Enalapril can prevent vascular amplifier development in spontaneously hypertensive rats.
Three groups of spontaneously hypertensive rats (SHR) were given enalapril (25 mg/kg/day) from 4 to 9 weeks, 4 to 14 weeks, and 14 to 20 weeks of age. The drug was stopped and observations continued for another 16-21 weeks. At selected times, we measured blood pressure, in vitro hindquarter vascular resistance properties, left ventricular weight/body weight ratio, and skeletal muscle vessel norepinephrine kinetics in treated and untreated SHR and in Wistar-Kyoto (WKY) rats. At the end of each treatment period, all cardiovascular variables were close to values of WKY rats and well below those of untreated SHR, and the norepinephrine or fractional rate constant was about 25% below those levels. After enalapril was stopped, blood pressure and left ventricular weight/body weight ratio increased in parallel to levels ranging from 30% to 50% of the normal difference between untreated SHR and WKY rats. However, in SHR treated from 4 to 9 weeks and from 4 to 14 weeks of age, hindquarter resistance properties remained close to WKY rat levels for the entire observation period of 16-21 weeks after treatment, suggesting suppression of the enhanced resistance responses of SHR (amplifier properties). In SHR treated from 14 to 20 weeks of age, suppression of amplifier properties was more transient, and they redeveloped partially 5-6 weeks after cessation of therapy. When enalapril was given up to 14 weeks of age, the long-term suppression of amplifier properties was probably mainly through prevention of smooth muscle hypertrophy in resistance vessels and possibly through other mechanisms (e.g., "rarefaction").(ABSTRACT TRUNCATED AT 250 WORDS)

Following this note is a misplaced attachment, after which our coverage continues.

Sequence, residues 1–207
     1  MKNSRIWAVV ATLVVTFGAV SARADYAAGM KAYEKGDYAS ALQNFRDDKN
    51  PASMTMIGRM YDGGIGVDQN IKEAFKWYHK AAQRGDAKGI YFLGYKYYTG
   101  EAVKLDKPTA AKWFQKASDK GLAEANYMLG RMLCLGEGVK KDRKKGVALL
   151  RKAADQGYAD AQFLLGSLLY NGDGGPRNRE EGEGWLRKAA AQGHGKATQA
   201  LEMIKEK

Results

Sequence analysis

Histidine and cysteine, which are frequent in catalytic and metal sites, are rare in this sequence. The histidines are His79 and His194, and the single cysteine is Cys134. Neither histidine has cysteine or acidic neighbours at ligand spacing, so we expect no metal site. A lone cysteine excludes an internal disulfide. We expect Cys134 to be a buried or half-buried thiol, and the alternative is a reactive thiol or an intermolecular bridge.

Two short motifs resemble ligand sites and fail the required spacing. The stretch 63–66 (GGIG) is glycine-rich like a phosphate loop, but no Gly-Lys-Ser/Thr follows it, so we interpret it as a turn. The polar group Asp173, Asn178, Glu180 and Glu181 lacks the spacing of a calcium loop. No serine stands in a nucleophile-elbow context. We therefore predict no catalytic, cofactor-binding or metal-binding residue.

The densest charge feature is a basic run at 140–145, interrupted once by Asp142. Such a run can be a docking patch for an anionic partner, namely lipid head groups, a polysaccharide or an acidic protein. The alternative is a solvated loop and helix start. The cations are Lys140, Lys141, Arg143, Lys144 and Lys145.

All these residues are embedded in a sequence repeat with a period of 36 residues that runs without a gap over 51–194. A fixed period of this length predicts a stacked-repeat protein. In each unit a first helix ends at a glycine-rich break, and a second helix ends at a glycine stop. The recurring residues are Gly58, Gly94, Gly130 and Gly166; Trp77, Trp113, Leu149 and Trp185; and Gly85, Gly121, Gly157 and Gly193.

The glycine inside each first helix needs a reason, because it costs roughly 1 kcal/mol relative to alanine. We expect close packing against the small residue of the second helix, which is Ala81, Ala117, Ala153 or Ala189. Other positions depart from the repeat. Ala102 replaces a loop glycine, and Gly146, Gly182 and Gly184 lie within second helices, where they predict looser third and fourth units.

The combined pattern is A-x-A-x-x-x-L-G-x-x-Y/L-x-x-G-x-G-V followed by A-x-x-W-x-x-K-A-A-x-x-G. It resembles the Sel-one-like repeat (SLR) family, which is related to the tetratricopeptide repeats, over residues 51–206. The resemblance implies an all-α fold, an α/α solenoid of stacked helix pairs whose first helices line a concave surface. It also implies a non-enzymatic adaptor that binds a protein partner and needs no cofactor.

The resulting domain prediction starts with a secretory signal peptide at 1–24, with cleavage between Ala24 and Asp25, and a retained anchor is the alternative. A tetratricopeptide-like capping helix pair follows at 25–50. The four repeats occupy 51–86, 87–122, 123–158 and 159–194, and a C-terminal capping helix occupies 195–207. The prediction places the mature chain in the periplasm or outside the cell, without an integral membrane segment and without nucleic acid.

- Copyright © 1990 by American Heart Association